Thursday, April 30, 2009

Elf Rage II: Learning the Tropes

I posted about the phenomenon of Elf Rage and discovered a (for me) tremendous outpouring of emotion for my readers (who are not normally the most responsive bunch). I had intended the post to be a somewhat tongue-in-cheek description of my feelings on the topic of elves (which I talk about more seriously in my post about nonhuman characters in general), but apparently there's some real passion here. Who would have thought it?

Seriously, then, what's the matter with elves?

The biggest problem facing elves today is that they are a grossly misunderstood, debased version of a much more nuanced original. Much of modern fantasy is descended from Grandaddy Tolkien, and elves feature prominently in his epic. The elves of Tolkien possess many of the traits that define modern elves: tall, slender, and beautiful bodies, a sense of sadness and detachment, an appreciation of beauty and craftsmanship, enormous dignity, and a calm intellectualism that often precludes taking direct action, despite their boundless compassion for life. Some readers miss is that Tolkien's elves are largely inactive during The Lord of the Rings not because they think they're too good for the story, but because they think they're too bad for it. If you read the Silmarillion, Tolkien's elves have a long and elaborate history of screwing up. Sauron, for example, is almost entirely their fault. The reason Elrond and his buddies don't get involved is because they are certain that if they do, they'll manage to botch it up even worse this time, and although they're mostly convinced that the world is doomed, they'd rather not be the ones responsible. Twice.

What some people see is that elves are pretty, old, snooty, pricks. The elves are better than you. You deserve what's coming to you, but the elves don't, and it's probably your fault. Often the elves spend the entire story finding excuses not to get involved in the plot, only to do so at the last possible minute and save the day - compare to the Lord of the Rings, where the elves spend the entire story finding excuses not to get involved only to do so at the last possible minute in a confrontation that has no bearing on the actual conflict, because the real heros (Sam and Frodo) are out of reach.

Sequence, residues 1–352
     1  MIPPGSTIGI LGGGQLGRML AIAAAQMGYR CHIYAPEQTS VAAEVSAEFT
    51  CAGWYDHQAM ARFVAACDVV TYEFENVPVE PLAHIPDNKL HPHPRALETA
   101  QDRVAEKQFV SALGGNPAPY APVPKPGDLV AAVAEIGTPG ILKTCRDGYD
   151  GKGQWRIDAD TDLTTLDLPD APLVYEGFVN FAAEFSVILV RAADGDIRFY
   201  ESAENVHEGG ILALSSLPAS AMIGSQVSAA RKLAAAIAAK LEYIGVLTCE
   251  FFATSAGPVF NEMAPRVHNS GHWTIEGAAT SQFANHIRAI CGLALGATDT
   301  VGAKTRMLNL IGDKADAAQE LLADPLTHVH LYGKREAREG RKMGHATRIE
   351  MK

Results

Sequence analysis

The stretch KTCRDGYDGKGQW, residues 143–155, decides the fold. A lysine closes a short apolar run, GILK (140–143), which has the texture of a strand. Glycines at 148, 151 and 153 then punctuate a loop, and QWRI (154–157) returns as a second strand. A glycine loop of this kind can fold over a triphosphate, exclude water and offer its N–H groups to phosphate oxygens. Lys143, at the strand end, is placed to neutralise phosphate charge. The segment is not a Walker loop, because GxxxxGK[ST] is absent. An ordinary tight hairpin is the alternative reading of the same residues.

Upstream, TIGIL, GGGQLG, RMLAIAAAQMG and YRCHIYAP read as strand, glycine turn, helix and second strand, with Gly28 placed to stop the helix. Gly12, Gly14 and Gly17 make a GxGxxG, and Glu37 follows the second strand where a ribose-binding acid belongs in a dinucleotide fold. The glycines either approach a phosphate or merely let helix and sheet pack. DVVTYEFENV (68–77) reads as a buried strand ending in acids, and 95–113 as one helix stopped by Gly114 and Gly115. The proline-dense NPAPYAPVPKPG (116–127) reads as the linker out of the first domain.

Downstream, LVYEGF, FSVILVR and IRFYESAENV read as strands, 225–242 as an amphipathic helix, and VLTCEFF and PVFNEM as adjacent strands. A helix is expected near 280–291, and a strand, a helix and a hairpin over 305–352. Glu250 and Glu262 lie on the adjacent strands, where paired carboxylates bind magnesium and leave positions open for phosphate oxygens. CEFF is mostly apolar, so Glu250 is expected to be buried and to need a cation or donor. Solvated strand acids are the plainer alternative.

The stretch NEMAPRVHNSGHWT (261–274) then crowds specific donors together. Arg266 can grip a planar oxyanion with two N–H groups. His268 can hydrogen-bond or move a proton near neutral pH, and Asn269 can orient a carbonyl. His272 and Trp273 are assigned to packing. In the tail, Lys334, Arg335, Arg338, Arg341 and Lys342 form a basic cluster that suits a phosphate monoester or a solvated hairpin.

And then, for some reason, that's what they write. I'm baffled by the prominence of this interpretation of what it means to be an elf. Some really brilliant authors - Tad Williams, for example, in his otherwise brilliant Memory, Sorrow, and Thorn - fall into this trap, and I can't imagine why.

Incidentally, I really do love Tad Williams's work. Except for the elves, I thought Memory, Sorrow, and Thorn was great. His Otherland series, beginning with City of Golden Shadows blew my mind, and I can't wait to read Shadowmarch (the series even has its own website - who knew?). I just can't stand his elves.

The second problem facing elves today is something I alluded to in my public service announcement: elves are an old race, a dying people, and it's really past time they shuffled off to the West already.

I believe that tropes - oft-repeated narrative themes - have life cycles. This is probably true of conventional fiction as well, but tropes are more noticeable in fantastic fiction (probably because they have pointy ears, ride in spaceships, and/or have psychic powers), so we can observe the life cycle with greater ease. Tropes are born, budding off parent tropes, the result of the union of two older tropes, or rising on their own out of the narrative unconscious. They grow, becoming more complex and nuanced. They develop relationships with other established tropes, spawn baby tropes of their own, and eventually become old and decrepit.

You can tell when a trope is entering old age when it needs to reinvent itself. This works, for a little while. Creators change the names and the details. You get, for example, the desert elves and drow (ugh.... drow) of Dungeons & Dragons; still essentially elves, but shaped by strange new environments. Eventually, even that doesn't work. The trope has become too tired and worn out - it can't adapt itself anymore. For an example of this phenomenon in action, check out this RPGnet thread about ways to reinterpret elves and make them fresh and new. Note how many of the posters, despite their best efforts, wrote elf-variants who were the same old same old with a thin and largely ineffective coat of paint. At least one of those is mine, by the way.

This is where a trope enters its final stage. Dying tropes can't take themselves seriously anymore. They resort to shallow self-mockery (elves are silly!) or blatant reversals that are just as tired as the original concept (elves that are bad! elves that are ugly! elves that hate the woods!), but none of this works anymore.

I believe that this is where elves are, or will be soon. We're just sick of them, and you can only put so much lipstick on, well, an elf.

Two permutations bear consideration, however. The first is that some tropes will never die. They have such a wide base that they will always find new individuals to carry the torch even when the rest of us are bored silly, or they have managed to situated themselves such that they have become something elemental, unapproachable, supported by a huge number of lesser tropes that continue to feed and care for it into eternity. Consider, for example, the basic "Sword & Sorcery" trope - that one's not going anywhere. Immortal tropes have ups and downs, but they're in it for the long haul.